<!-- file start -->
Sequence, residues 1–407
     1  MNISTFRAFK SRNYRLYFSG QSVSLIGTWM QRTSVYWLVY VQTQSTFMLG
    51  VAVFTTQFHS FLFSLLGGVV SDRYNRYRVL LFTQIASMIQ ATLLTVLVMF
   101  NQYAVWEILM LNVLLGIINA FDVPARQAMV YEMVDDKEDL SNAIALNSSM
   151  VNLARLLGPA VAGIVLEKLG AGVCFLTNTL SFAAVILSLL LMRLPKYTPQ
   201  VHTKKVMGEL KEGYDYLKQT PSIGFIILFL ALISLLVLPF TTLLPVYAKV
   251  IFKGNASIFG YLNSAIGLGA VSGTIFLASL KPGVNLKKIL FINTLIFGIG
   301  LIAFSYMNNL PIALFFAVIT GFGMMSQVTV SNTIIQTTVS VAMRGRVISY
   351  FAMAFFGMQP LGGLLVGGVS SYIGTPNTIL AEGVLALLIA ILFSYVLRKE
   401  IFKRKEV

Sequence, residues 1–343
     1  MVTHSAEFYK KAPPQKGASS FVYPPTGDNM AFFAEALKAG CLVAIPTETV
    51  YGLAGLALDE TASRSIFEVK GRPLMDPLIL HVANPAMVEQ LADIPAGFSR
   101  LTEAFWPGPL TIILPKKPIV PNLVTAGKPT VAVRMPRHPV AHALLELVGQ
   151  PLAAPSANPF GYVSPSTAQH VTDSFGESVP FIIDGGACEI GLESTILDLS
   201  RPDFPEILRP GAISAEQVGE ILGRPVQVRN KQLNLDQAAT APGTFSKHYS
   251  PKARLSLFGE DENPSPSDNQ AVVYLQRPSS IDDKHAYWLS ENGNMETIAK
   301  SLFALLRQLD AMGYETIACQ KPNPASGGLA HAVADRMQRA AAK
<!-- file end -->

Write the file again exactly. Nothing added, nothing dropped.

Sequence, residues 1–407
     1  MNISTFRAFK SRNYRLYFSG QSVSLIGTWM QRTSVYWLVY VQTQSTFMLG
    51  VAVFTTQFHS FLFSLLGGVV SDRYNRYRVL LFTQIASMIQ ATLLTVLVMF
   101  NQYAVWEILM LNVLLGIINA FDVPARQAMV YEMVDDKEDL SNAIALNSSM
   151  VNLARLLGPA VAGIVLEKLG AGVCFLTNTL SFAAVILSLL LMRLPKYTPQ
   201  VHTKKVMGEL KEGYDYLKQT PSIGFIILFL ALISLLVLPF TTLLPVYAKV
   251  IFKGNASIFG YLNSAIGLGA VSGTIFLASL KPGVNLKKIL FINTLIFGIG
   301  LIAFSYMNNL PIALFFAVIT GFGMMSQVTV SNTIIQTTVS VAMRGRVISY
   351  FAMAFFGMQP LGGLLVGGVS SYIGTPNTIL AEGVLALLIA ILFSYVLRKE
   401  IFKRKEV

Sequence, residues 1–343
     1  MVTHSAEFYK KAPPQKGASS FVYPPTGDNM AFFAEALKAG CLVAIPTETV
    51  YGLAGLALDE TASRSIFEVK GRPLMDPLIL HVANPAMVEQ LADIPAGFSR
   101  LTEAFWPGPL TIILPKKPIV PNLVTAGKPT VAVRMPRHPV AHALLELVGQ
   151  PLAAPSANPF GYVSPSTAQH VTDSFGESVP FIIDGGACEI GLESTILDLS
   201  RPDFPEILRP GAISAEQVGE ILGRPVQVRN KQLNLDQAAT APGTFSKHYS
   251  PKARLSLFGE DENPSPSDNQ AVVYLQRPSS IDDKHAYWLS ENGNMETIAK
   301  SLFALLRQLD AMGYETIACQ KPNPASGGLA HAVADRMQRA AAK